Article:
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Verrucae

Warts and Verrucas

Warts are usually harmless, but may be unsightly. Warts on the feet are called verrucas and are sometimes painful. Warts and verrucas usually clear in time without treatment. If required, they can often be cleared more quickly with treatment. For example, by applying salicylic acid, or by freezing with liquid nitrogen or a cold spray, or by covering with tape.

What are warts and verrucas?

  • Warts are small rough lumps on the skin. They are caused by a virus (human papillomavirus) which causes a reaction in the skin. Warts can occur anywhere on the body but occur most commonly on hands and feet. They range in size from 1 mm to over 1 cm. Sometimes only one or two warts develop. Sometimes several occur in the same area of skin. The shape and size of warts vary, and they are sometimes classed by how they look. For example: common warts, plane (flat) warts, filiform (finger-like) warts, mosaic warts, etc.

  • Verrucas are warts that occur on the soles of the feet. They are the same as warts on any other part of the body. However, they may look flatter, as they tend to get trodden in.

Who gets warts and verrucas and are they harmful?

Most people develop one or more warts at some time in their life, usually before the age of 20. About 1 in 10 people in the UK has warts at any one time. They are not usually harmful. Sometimes verrucas are painful if they press on a sensitive part of the foot. Some people find their warts unsightly. Warts at the end of fingers may interfere with fine tasks.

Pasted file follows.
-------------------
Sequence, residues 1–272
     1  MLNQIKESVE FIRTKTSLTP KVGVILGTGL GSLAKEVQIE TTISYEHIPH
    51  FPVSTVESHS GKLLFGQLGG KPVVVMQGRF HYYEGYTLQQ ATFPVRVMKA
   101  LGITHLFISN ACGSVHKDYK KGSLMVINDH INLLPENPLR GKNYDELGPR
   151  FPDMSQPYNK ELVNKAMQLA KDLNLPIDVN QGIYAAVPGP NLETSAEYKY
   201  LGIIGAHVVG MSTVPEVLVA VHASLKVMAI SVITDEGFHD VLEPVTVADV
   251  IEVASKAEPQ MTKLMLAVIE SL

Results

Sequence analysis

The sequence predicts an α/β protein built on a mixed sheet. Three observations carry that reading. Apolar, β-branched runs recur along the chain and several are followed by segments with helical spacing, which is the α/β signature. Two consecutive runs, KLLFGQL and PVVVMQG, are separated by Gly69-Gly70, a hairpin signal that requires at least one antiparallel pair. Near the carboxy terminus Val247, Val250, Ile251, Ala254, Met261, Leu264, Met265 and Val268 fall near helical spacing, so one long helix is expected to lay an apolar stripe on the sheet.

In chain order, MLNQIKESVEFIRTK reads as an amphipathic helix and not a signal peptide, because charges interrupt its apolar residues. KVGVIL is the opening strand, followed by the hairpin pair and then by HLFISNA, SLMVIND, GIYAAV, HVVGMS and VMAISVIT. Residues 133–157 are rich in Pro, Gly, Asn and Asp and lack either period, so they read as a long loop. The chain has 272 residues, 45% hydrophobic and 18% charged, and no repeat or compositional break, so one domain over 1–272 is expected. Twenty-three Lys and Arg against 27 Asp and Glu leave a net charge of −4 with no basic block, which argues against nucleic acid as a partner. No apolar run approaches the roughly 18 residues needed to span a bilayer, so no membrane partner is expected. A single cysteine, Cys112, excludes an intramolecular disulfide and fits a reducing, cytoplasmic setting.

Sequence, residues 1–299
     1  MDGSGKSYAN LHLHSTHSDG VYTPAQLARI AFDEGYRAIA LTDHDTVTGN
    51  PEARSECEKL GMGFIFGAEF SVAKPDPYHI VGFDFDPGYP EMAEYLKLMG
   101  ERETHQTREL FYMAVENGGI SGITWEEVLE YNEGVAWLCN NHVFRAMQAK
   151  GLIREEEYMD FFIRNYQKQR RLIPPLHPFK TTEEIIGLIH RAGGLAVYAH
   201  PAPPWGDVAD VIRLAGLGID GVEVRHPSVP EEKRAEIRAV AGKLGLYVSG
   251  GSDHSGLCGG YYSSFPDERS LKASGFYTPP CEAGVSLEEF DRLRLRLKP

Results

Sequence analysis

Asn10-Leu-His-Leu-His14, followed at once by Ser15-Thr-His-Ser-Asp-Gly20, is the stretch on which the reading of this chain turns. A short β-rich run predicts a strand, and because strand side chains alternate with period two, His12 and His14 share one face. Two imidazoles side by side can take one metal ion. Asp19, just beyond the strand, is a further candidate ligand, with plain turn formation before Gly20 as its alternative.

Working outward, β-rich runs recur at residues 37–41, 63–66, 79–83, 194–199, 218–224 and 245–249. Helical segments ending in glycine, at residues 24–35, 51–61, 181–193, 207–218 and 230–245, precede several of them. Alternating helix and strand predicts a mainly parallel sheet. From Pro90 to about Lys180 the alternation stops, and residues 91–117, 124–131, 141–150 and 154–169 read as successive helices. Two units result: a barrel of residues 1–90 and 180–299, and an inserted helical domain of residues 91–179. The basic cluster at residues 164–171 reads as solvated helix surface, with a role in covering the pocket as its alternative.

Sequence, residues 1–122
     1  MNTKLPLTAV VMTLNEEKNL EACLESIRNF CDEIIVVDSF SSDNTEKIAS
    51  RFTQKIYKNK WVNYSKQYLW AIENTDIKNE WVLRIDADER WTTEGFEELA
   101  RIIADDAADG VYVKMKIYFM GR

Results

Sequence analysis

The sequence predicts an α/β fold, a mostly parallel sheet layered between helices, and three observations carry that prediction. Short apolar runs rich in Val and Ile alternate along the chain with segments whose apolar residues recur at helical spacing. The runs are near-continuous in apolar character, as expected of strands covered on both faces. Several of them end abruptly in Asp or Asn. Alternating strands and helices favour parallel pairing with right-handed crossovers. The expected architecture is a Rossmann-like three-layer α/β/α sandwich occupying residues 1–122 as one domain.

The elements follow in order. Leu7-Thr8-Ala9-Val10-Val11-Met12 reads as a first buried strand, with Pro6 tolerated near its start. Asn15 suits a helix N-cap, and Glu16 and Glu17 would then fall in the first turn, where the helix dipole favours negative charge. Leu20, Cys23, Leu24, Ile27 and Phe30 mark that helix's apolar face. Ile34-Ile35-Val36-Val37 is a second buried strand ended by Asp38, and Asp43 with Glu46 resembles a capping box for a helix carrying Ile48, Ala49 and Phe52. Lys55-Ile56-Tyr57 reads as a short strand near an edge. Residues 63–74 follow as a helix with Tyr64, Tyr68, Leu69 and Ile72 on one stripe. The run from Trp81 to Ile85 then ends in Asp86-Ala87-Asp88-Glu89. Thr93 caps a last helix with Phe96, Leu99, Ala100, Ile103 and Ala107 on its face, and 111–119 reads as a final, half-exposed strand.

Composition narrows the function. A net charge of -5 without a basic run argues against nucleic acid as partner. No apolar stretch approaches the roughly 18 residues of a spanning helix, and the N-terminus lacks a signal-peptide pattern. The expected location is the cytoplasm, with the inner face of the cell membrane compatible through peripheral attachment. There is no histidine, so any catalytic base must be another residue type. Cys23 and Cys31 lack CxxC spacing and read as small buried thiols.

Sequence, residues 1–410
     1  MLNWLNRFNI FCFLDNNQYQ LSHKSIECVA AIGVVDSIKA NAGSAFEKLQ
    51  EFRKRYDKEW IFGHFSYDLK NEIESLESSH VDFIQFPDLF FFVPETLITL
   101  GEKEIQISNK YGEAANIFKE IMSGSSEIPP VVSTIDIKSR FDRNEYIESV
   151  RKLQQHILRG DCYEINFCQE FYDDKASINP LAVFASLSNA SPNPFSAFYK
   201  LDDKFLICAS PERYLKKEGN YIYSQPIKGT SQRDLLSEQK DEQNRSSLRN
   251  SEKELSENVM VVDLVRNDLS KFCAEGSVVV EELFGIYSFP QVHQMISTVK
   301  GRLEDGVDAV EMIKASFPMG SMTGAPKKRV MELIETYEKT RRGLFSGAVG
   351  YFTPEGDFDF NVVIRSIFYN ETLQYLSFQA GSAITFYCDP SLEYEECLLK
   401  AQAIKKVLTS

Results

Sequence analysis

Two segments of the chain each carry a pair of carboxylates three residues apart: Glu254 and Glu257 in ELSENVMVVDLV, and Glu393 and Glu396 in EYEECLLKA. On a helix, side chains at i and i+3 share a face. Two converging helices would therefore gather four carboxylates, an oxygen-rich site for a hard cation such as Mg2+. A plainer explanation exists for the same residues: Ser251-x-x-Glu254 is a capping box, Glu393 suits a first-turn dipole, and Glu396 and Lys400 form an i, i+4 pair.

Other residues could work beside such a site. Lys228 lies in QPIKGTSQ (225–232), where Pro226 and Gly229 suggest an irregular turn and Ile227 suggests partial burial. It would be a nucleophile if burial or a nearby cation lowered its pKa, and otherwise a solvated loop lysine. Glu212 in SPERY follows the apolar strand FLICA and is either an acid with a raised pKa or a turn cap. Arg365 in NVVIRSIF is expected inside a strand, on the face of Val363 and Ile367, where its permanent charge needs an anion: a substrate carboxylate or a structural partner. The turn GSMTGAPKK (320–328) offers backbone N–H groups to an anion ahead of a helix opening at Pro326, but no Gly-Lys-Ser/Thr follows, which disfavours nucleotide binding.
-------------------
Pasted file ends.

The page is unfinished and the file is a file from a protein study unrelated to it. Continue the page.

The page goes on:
Are warts contagious?

Yes, but the risk of passing them on to others is low. You need close skin-to-skin contact. You are more at risk of being infected if your skin is damaged, or if it is wet and macerated, and in contact with roughened surfaces. For example, in swimming pools and communal washing areas.

You can also spread the wart virus to other areas of your body. For example, warts may spread round the nails, lips and surrounding skin if you bite warts on your fingers, or nearby nails, or if you suck fingers with warts on. If you have a poor immune system you may develop lots of warts which are difficult to clear. (For example, if you have AIDS, if you are on chemotherapy, etc.)

  • To reduce the chance of passing on warts to others:

    • Don't share towels.

    • When swimming, cover any wart or verruca with a waterproof plaster.

    • If you have a verruca, wear flip-flops in communal shower rooms and don't share shoes or socks.

  • To reduce the chance of warts spreading to other areas of your body:

    • Don't scratch warts.

    • Don't bite nails or suck fingers that have warts.

    • If you have a verruca, change your socks daily.

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